- The Washington Times - Thursday, June 30, 2005

When the tiny, impoverished African country of Lesotho obtained World Bank loans for more than $160 million as part of a giant dam and tunnel project, its leaders hoped they could earn money from selling irrigation water and also gain badly needed hydropower.

Unfortunately, some European, Canadian and South African engineering firms had other ideas — they saw the project as a fountain of illegal cash.

In a lengthy criminal case that already has produced several convictions, these companies are accused of bribing a Lesotho official to win lucrative contracts. The payoffs helped raise the project’s cost and foster dishonesty that hobbles so many developing countries. Lesotho showed unusual luck — and pluck — in uncovering the sophisticated scheme and spent a large portion of its scarce resources bringing the culprits to justice.

Unfortunately, such opportunities for graft and corruption on loans from the World Bank and similar international lenders are all too tempting. That’s a serious concern for Americans because our tax dollars help support these banks, whose work enhances our worldwide humanitarian and security interests.

That’s why I launched a wide-ranging inquiry last year to look into corruption at the World Bank and the other multilateral development banks (MDBs) — the African Development Bank, Asian Development Bank, European Bank for Reconstruction and Development, and Inter-American Development Bank.

Thus far, I have chaired four hearings of the Senate Foreign Relations Committee and my staff has reviewed thousands of pages of documents, visited projects where corruption has been documented, and interviewed scores of whistle-blowers, experts, academics, nongovernmental organization representatives and local people affected by MDB projects.

Based on this extensive record, I have introduced legislation to promote reform at the banks and bolster their antifraud and anticorruption efforts. If enacted, this legislation will be an important step toward ensuring each development dollar is put to productive use.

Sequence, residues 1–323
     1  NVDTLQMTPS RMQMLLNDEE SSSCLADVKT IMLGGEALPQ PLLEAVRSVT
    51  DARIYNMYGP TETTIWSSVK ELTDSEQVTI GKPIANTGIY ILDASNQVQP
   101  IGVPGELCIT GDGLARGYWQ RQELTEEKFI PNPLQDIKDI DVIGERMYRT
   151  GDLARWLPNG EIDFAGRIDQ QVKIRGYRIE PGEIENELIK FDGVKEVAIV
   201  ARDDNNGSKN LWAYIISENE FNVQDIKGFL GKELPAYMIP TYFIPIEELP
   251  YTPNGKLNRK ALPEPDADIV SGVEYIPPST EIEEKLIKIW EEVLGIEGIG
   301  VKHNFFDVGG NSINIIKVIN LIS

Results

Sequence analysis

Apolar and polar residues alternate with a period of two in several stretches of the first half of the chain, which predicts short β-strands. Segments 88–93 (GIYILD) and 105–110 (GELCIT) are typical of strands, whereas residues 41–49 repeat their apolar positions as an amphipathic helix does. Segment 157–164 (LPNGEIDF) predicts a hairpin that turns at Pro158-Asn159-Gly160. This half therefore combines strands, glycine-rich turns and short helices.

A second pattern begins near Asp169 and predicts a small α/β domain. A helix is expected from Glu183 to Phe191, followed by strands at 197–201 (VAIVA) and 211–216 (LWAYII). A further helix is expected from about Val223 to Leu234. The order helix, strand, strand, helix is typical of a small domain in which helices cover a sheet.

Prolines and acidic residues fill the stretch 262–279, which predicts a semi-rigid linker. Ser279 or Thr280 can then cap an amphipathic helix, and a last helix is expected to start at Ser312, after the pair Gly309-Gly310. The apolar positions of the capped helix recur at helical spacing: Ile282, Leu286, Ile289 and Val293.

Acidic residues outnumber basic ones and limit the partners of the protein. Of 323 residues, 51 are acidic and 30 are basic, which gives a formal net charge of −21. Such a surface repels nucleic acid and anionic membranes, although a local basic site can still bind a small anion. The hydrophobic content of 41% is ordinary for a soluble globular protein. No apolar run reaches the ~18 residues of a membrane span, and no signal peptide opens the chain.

Corruption impedes development in many ways. Bribes can influence important bank decisions on what projects are approved and which contractors get the work. Misuse of funds can inflate project costs, deny assistance poor people desperately need and cause projects to fail.

Worse, the impoverished citizens of these countries pay twice for corruption. First they are cheated out of the promised benefits — better schools, clean water, more health clinics — and then are forced to repay the resulting debts.

Congress and successive administrations have supported the World Bank and its sister institutions because they bring expertise in fighting endemic poverty and harness the industrialized world’s resources to promote development and stability in remote areas of the globe. My aim is to improve their effectiveness in this important task.

The World Bank, under departing president James Wolfensohn, has led the MDBs in addressing corruption. I am sure the Bank’s new leader, former Deputy Defense Secretary Paul Wolfowitz, will continue this effort, and my legislation should assist him and other reform-minded MDB presidents.

For instance, it proposes all MDB employees with influence over important decisions disclose their finances, much as we require financial disclosure from the president of the United States, members of Congress and other key officials.

It calls for new incentives within the banks to eliminate the “pressure to lend,” so staffers focus on funded projects’ quality and outcomes, not how many loans they push out the door.

It proposes new procedures to detect fraud and corruption, stiffer penalties for wrongdoers and new mechanisms to encourage borrowing countries to clean up their own corruption. The bill says international companies seeking MDB contracts should be held to tough anti-bribery standards similar to those the United States sets for its own firms.

For poor countries like Lesotho, which uncovered the graft but was nearly bankrupted by the costly investigation and trials that followed, it calls on the Treasury Department to develop a mechanism, such as a special trust fund, to assist in prosecuting corrupt officials and corporations.

This legislation attacks an invidious problem. Guido Penzhorn, who successfully led the prosecution in Lesotho, told my committee: “Corruption is a worldwide industry. What Lesotho has done is show that something can indeed be done about it. All that is required is not merely token, but real resolve.”

Congress can show that resolve by passing this legislation and urging the Bush administration to carry it out vigorously.

Richard G. Lugar, Indiana Republican, is chairman of the Senate Foreign Relations Committee.

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